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Good 'Hoods: How did the Welcome Dinner Project begin?

Penny: The Welcome Dinner Project arose because I was hearing from refugees and migrants that had been in Australia for five years - sometimes 10 years - and no one had ever invited them into their home.

At the same time, established Australians were asking me how they could connect with refugees, I was just blown away by that. Sydney is of the most ethnically diverse cities in the world, and we had willing, good-hearted Australians that couldn't find an avenue to connect with newly arrived people. So we thought, what better way to bring people together than through food?

It's a beautiful thing to see people experiencing each other’s traditional dishes, there’s just so much energy around the food.

Good 'Hoods: How did the project gain momentum?

Penny: It really took off on its own, I think our team feels like it has been chasing its tail since day one. Since the first dinner in my home, we have held hundreds of dinners and lunches in Australia’s capital cities.

Good 'Hoods: How has the Welcome Dinner Project contributed to making strong, more connected communities?

Penny: Welcome Dinner guests are asked not to ask other attendees about how they came to be in Australia or to discuss work. Instead we focus on sharing stories about the food everyone has brought to share, hobbies, passions and the different experiences of living in Australia.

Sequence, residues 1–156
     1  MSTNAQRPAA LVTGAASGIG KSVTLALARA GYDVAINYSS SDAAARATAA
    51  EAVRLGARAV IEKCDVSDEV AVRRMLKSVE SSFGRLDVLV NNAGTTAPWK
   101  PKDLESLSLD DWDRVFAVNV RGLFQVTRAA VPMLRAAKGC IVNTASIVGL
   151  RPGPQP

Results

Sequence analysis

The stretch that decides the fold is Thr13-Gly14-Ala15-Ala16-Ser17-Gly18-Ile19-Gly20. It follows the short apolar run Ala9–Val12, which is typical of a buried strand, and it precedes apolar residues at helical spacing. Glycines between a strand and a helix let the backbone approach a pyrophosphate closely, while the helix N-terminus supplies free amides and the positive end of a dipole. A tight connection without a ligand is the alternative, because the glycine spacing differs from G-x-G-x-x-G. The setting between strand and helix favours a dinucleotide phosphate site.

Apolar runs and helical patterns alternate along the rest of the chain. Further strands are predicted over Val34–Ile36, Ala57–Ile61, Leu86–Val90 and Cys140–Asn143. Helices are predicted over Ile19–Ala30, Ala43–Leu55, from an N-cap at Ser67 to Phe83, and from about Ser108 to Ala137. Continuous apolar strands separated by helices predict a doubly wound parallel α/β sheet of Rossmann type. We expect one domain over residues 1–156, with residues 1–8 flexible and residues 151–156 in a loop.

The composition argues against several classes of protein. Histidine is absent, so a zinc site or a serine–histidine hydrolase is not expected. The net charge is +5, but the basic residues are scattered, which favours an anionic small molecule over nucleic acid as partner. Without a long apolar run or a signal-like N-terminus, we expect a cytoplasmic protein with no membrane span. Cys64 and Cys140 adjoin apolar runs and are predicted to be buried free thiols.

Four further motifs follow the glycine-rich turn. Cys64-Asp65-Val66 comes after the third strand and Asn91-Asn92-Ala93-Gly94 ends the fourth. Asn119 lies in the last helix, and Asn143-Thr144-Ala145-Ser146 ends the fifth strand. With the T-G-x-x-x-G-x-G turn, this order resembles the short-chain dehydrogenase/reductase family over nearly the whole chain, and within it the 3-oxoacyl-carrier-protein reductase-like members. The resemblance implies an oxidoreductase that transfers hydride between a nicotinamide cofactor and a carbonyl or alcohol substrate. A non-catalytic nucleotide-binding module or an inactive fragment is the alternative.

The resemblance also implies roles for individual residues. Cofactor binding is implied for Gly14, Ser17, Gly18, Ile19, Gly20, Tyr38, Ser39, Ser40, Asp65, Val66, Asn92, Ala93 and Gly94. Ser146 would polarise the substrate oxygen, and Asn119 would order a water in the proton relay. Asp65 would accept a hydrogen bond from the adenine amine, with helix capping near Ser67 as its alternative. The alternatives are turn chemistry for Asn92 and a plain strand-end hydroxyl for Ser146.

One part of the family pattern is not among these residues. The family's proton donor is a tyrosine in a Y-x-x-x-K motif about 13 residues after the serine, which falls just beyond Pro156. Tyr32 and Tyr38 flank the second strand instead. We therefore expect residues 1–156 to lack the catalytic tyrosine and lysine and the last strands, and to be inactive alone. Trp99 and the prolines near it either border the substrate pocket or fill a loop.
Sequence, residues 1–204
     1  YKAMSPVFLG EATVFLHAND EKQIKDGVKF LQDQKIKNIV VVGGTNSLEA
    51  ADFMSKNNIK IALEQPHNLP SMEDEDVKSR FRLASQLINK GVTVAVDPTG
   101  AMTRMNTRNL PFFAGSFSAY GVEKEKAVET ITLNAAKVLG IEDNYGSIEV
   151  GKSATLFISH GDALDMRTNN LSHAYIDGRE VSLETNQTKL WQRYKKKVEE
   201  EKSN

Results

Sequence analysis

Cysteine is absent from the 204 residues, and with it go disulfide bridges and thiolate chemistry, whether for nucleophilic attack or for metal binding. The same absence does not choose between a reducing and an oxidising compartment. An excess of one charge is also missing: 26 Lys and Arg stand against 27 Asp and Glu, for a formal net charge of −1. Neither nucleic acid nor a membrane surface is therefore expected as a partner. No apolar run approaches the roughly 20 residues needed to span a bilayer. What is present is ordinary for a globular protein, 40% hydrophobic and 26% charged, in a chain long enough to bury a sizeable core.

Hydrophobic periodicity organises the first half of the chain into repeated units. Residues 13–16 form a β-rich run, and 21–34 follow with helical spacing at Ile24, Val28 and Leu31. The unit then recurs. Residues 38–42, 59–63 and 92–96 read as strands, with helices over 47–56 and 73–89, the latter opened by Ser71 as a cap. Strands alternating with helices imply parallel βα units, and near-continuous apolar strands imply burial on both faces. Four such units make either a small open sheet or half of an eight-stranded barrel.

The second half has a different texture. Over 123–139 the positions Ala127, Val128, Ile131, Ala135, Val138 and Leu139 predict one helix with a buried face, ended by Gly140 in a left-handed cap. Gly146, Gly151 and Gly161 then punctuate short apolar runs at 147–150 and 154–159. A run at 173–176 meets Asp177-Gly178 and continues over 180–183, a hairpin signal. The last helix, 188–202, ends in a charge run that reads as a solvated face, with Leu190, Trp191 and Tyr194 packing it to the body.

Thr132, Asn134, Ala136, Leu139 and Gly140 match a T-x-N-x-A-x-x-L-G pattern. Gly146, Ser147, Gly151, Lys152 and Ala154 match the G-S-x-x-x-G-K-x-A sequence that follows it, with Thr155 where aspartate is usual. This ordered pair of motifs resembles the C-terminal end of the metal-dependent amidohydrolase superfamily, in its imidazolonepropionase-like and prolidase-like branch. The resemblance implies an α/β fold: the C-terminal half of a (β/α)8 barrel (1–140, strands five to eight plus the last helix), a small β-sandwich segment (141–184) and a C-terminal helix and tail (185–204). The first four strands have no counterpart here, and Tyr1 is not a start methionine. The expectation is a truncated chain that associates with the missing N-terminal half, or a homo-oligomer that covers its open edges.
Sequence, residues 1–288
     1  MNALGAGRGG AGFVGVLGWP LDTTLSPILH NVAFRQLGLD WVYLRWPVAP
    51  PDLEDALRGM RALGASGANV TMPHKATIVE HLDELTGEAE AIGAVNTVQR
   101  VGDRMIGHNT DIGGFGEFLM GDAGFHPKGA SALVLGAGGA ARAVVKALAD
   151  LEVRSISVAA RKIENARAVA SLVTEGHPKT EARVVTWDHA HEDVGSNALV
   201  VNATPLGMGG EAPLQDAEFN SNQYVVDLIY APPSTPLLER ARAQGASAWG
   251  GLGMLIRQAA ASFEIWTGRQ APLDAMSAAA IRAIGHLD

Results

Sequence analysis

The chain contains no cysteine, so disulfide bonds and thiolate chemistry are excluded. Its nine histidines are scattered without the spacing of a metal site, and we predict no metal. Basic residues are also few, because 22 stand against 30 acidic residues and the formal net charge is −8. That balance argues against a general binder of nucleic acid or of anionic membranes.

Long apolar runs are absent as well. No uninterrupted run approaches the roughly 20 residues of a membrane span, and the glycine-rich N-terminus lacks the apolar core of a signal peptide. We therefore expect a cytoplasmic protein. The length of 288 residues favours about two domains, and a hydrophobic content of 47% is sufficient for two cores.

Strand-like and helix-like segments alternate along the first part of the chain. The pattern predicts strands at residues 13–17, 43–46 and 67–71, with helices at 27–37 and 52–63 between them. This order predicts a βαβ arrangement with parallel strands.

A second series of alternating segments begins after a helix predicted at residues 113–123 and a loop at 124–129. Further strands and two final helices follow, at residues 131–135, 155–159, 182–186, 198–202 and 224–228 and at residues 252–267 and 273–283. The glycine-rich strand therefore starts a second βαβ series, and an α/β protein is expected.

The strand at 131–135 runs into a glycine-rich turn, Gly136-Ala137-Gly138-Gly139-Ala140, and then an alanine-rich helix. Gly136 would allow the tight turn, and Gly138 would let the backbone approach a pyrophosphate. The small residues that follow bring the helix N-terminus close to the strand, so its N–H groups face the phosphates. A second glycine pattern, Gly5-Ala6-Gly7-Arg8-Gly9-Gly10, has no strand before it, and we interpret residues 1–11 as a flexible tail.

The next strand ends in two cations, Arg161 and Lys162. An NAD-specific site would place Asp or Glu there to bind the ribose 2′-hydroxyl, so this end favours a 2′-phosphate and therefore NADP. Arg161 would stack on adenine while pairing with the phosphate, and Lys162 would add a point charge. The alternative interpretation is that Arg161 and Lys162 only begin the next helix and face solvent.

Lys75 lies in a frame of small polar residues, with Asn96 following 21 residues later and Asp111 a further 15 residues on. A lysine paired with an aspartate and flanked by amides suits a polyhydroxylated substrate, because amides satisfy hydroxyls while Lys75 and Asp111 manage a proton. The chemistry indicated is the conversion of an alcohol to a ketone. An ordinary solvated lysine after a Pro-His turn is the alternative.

The result of these two requests is a shared experience of humanity. We have people like asylum seekers with no work or study rights sit around the table with people from affluent suburbs and they talk about what they have in common. People connecting over their commonalities reminds them that there is hope. The biggest shift is the change in perception of one another and confidence to connect in their communities. And for many people that one moment is enough to give them the motivation to go out and make change.

These points of connection are a launching pad for new friendships which go on to ignite all sorts of positive change.

Good 'Hoods: What were the roadblocks/challenges you faced along the way?

Penny: One of our greatest ongoing challenges has been securing enough funding to have paid employees so we can make ourselves more impactful in more. Each Welcome Dinner takes about 10 hours to organise and we pride ourselves on the dinners being accessible to people at every level. If attendees need assistance with transport, child-minding or interpreters, we provide that.

It does require a lot of perseverance, especially when I haven’t been able to pay myself a steady wage but it’s based on a conviction that it’s what society needs. You have to know it’s much bigger than you. And I’m just so thankful that the Australian community has believed in something like this. They’ve believed it’s possible to change the conversation. As Gandhi says, ‘you have to be the change you want to see in the world’.”

Good 'Hoods: What is the secret ingredient to the dinners’ success?

Penny: The answer is easy – connection.

Good 'Hoods: What have been your proudest moments?

Penny: I am proud every week just seeing people turn up to these dinners and giving of themselves to each other. I’m proud when you see the willingness of people to let go of their views and learn something from others or they tell me they realise they want to talk to their neighbours more. 

Good 'Hoods: How do people host or participate in a Welcome Dinner?

Penny: Visit our website at and register as a host or a guest. We don’t always have enough people to match up in some areas and in others, we have long waiting lists. So we are always trying to balance that. Our end goal would be to have a dinner somewhere in the country every day but we need more coordinators to do that. So if people want to be a coordinator they can register for that on our website too.